According to the WHO, the reason behind Vanuatu’s rising obesity problem (35.5%) is due to the nation’s people swapping traditional, healthier foods for imported, processed alternatives.
The Bahamas obesity rate has jumped nearly three percentage points since the 2010 report, now sitting at a devastating 36.2%. A study in the West Indian Medical Journal found that women in lower-income households appear to be the most vulnerable.
While Fiji’s WHO obesity rate sits at 36.4% the actual number could be much higher, according to health professionals. While most of its neighboring islander nations feature in the top 10 most obese countries, Fiji sits in the middle of the pack mainly due to its mixed ethnicity, and therefore mixed diets. Just over half of the nation are native iTaukei, with the remainder mostly of Indian origin.
The Pacific nation of Micronesia, made of up some 600 islands, has jumped nearly two percentage points since the 2010 report to 37.2%. Like many of the countries on this list, urbanization and the influence of Western culture are to blame for the growing numbers.
A fast developing economy, improvements in technology and a climate that isn’t conducive to outdoor exercise are cited as causes of the UAE’s growing obesity crisis. While 37.2% of the population is obese, data from the International Diabetes Federation reveals a staggering 19% (803,900) of the population are suffering from diabetes, with that number set to sky rocket to 1.8 million in the next few years.
Thanks to its large oil reserves, this small Gulf nation has transformed into one of the world’s richest countries per capita. But the swollen economy has led to swollen bellies – around 39.7% of the population are obese. A harsh climate, cultural gatherings which involve feasting, coupled with growing fast food outlets, are all contributing factors.
Despite having a population of just 9,800 people Tuvalu, which is comprised of nine islands, has an obesity rate of 40.3%. That’s jumped nearly two percentage points since 2010 (38.4%). Some researchers have suggested Pacific Islanders have a genetic disposition to obesity because their metabolism has learned to cope over thousands of years with periods of famine by quickly storing surplus calories as body fat.
Traditional healthy diets of fish and vegetables are being replaced by processed, imported foods in the Central Pacific island of Kiribati where 40.6% of the population are obese.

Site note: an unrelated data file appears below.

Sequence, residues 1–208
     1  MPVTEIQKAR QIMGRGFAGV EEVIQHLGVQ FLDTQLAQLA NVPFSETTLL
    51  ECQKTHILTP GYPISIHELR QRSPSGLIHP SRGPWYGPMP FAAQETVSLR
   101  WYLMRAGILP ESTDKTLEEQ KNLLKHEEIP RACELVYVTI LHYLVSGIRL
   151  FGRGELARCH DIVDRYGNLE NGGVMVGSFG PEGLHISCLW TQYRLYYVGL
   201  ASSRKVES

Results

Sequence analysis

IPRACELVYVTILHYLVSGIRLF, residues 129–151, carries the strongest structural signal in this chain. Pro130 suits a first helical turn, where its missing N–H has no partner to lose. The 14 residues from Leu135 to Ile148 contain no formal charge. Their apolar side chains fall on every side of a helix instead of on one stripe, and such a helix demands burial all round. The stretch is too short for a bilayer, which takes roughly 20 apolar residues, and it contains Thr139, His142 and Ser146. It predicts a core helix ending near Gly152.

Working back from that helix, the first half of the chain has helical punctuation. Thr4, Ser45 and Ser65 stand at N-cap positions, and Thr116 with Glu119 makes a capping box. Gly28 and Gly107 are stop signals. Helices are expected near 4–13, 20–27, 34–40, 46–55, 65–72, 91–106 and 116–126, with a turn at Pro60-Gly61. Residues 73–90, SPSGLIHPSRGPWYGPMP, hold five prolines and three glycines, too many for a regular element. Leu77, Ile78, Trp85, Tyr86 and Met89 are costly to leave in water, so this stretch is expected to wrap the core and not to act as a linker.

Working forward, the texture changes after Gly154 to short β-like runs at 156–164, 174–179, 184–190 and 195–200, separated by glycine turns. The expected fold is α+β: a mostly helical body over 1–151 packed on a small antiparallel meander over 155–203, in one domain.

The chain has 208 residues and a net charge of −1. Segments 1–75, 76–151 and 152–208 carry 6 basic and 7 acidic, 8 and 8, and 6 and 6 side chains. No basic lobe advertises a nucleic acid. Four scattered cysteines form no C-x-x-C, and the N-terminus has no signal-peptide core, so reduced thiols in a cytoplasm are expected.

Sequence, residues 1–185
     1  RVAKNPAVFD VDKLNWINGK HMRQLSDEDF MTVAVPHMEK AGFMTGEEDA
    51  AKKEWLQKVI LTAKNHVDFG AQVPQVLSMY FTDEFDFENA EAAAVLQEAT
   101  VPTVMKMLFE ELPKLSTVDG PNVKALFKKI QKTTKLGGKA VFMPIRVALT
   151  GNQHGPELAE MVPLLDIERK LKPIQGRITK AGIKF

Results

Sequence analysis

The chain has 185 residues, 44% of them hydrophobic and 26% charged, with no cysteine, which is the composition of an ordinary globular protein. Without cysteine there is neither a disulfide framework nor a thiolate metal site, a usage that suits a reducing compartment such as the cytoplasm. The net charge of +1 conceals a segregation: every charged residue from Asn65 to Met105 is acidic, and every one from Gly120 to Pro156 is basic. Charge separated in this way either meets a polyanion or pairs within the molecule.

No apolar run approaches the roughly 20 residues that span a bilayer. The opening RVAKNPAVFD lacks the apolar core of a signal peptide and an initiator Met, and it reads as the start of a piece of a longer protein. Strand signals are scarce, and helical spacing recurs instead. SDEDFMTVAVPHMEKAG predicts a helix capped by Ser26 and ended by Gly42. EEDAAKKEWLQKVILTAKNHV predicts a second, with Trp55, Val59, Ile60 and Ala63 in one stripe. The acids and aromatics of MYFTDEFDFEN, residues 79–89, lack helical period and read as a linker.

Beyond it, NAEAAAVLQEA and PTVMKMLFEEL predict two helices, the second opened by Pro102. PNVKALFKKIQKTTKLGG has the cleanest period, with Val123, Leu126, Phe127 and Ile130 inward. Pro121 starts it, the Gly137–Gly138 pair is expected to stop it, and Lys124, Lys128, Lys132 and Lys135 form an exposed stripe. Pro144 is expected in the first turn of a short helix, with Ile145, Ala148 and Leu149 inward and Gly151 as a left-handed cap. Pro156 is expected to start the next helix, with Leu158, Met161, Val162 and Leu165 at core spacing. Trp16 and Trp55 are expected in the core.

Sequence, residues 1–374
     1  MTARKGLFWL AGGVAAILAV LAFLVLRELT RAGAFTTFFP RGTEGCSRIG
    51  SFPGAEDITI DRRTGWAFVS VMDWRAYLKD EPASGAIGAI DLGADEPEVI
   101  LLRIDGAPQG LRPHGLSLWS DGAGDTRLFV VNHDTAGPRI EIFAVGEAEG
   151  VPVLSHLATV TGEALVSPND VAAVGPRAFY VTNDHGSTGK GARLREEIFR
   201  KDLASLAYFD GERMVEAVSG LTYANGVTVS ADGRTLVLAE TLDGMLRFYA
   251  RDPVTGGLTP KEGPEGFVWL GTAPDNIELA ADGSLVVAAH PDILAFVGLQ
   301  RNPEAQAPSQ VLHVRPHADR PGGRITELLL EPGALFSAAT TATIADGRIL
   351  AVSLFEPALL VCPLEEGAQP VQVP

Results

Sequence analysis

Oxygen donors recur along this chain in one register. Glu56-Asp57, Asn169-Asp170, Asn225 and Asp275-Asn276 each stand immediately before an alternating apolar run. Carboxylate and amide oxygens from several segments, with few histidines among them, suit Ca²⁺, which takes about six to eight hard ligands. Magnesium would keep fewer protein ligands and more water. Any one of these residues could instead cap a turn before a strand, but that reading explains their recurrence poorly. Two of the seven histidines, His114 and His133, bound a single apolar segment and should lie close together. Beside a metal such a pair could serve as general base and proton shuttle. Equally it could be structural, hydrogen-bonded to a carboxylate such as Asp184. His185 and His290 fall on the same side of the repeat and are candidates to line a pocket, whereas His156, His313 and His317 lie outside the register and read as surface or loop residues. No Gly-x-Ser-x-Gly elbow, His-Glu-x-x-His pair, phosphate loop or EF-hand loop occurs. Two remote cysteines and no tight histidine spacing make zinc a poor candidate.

The tiny oil-rich Middle Eastern nation has seen its obesity rate rise with its economy to a staggering 42.3%. The influx of fast food eateries like McDonald’s and KFC are constantly popping up in air-conditioned malls around the country with the government making few strides to curb the growing issue.
The island nation, which is located near the equator in the Pacific Ocean, continues to see its obesity numbers rise, currently sitting at 42.8%. A high number of the population suffer from diabetes.
Located around 1,500 miles (2,400km) northeast of New Zealand, Nuie has a population of just over 1,000 people. Of those a shocking 43.2% are obese. Like many of its neighbors, poor diet, lack of physical activity and access to insufficient health care are to blame for the burgeoning numbers.
With 43.3% of the nation’s population obese, Tonga is the fifth fattest country in the world, 40% of the population have type 2 diabetes and life expectancy is falling. While Tongans’ traditional diet consists of root vegetables, coconuts and fish, many are choosing a cheap alternative, mutton flaps, imported from New Zealand. Reports say it’s not uncommon for Tongans to eat up to a kilo of the meat in one sitting and every 100g includes 40g of fat.
Like Tonga, Samoa also struggles with cheap imported meats. So much so that the nation banned the import of turkey tails in 2007. According to the report, 43.4% of the population is obese.
Coming in as the third fattest nation is the tiny island of Nauru. Of its 10,000 citizens, 45.6% are obese. The health crisis has grown as a result of the import of Western foods paid for with proceeds from phosphate mining. One of the nation’s most popular dishes is fried chicken and coke.
Part of the Micronesia region in the Pacific Ocean, Palau’s obesity rate continues to soar, with 47.6% of its residents battling the bulge as they increasingly choose fried over fresh food.
Topping the list is the Cook Islands where more than half of their population – 50.8% – is obese. Colonial influences from the West, where residents have been taught to fry their fish rather than eat it raw, coupled with processed imports have seen this country’s obesity rate soar to devastating proportions.